It’s your shot, (for some) teachers – again!
Teachers and daycares are among those who have been approved for a third âboosterâ injection of the Pfizer vaccine.
Last week, the U.S. Centers for Disease Control and the Food and Drug Administration authorized booster doses of Pfizer vaccine for specific individuals, including people 65 years of age and older, people 50 to 64 years old with underlying conditions, some people 18 to 49 years old with underlying conditions, and people 18 years and older who have increased risk of exposure due to their professional or institutional environment.
According to the new CDC guidelines, these people include, in addition to teachers and daycares, healthcare workers, first responders, staff in collective care facilities, food and agriculture workers, people working in public transport, grocery stores and others. .
At this time, booster shots are only for people who have received the Pfizer vaccine and should be given at least six months after receiving the second dose. At a press conference on Wednesday, Dr. Lindsay Weaver, chief medical officer for Indiana, said more than 1.6 million Hoosiers have received the Pfizer vaccine series.
“We have an adequate supply of Pfizer,” said Weaver, “to provide these booster doses.”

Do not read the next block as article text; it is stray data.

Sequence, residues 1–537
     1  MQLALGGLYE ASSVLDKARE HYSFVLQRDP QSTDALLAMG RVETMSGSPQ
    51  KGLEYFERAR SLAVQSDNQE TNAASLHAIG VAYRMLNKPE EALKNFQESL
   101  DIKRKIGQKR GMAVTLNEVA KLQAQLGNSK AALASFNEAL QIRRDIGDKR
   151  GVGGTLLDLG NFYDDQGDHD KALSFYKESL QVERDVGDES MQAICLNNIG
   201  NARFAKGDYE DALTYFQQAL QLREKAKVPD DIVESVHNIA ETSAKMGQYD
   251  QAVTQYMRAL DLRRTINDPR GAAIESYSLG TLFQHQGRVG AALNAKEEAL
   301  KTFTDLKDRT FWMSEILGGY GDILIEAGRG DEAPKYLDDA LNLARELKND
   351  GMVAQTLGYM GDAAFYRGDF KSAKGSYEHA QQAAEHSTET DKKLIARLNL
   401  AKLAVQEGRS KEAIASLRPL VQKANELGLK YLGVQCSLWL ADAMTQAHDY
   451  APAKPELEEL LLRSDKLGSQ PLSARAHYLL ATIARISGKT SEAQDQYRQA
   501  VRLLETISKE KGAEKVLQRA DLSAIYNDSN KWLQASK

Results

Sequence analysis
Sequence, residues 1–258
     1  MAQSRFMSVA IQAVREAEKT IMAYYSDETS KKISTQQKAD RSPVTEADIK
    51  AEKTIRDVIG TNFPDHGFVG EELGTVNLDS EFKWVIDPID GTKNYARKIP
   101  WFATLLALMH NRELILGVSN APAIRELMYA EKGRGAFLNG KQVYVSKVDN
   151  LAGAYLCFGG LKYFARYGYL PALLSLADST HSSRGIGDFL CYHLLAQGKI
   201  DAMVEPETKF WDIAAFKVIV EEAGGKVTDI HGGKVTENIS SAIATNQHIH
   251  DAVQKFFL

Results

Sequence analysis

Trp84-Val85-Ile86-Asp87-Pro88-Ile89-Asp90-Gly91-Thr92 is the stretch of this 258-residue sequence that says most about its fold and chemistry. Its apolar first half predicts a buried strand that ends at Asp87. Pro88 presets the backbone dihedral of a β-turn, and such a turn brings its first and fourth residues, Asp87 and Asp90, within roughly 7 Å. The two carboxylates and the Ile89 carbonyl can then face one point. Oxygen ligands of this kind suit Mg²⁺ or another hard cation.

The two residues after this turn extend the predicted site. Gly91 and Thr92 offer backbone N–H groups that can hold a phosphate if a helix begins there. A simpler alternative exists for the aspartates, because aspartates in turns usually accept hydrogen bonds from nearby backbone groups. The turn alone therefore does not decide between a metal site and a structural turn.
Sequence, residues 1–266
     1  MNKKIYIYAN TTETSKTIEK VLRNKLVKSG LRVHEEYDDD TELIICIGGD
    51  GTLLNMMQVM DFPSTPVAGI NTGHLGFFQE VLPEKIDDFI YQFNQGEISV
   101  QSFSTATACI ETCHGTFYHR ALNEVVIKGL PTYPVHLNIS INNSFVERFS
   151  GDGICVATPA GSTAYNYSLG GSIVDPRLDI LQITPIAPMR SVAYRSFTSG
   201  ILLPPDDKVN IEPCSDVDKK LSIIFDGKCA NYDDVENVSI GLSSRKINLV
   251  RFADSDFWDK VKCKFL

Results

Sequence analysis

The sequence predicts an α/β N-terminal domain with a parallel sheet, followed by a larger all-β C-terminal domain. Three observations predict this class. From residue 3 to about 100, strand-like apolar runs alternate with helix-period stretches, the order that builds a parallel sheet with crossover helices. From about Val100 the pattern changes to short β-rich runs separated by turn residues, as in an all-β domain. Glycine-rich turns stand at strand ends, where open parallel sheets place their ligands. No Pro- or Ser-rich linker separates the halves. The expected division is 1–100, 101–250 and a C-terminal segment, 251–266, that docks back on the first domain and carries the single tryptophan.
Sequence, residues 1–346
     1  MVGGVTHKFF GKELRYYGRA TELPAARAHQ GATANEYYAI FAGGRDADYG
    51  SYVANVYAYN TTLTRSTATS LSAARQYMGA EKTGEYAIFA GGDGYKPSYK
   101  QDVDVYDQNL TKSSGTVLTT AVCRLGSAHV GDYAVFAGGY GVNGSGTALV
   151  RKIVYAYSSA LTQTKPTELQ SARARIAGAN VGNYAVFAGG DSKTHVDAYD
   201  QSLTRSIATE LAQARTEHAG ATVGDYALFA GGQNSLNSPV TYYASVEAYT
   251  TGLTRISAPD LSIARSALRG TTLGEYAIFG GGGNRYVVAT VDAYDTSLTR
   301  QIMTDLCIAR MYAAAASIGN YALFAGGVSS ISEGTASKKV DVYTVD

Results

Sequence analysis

Boosters can be received without an appointment. Those looking for one should visit ourshot.in.gov for a site called “PVAX,” indicating that they offer Pfizer vaccine, and complete the online form to certify that they are eligible for a booster dose.
Most teachers should soon be eligible
All teachers in Indiana became eligible to receive a COVID-19 vaccine in March after a White House directive urged states to prioritize teachers, school workers and educators for immunization. Teachers who received their first injection in mid-March would have received their second in early April, meaning they should be eligible next month.
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Prior to that, the state had opened up access to the vaccine based on age, so older teachers who received the Pfizer vaccine may already be eligible for a booster dose.
âBoosters provide an added level of protection for our most vulnerable Hoosiers,â Weaver said Wednesday.
According to Weaver, more than 35,000 people have already received their third dose of the Pfizer vaccine in Indiana.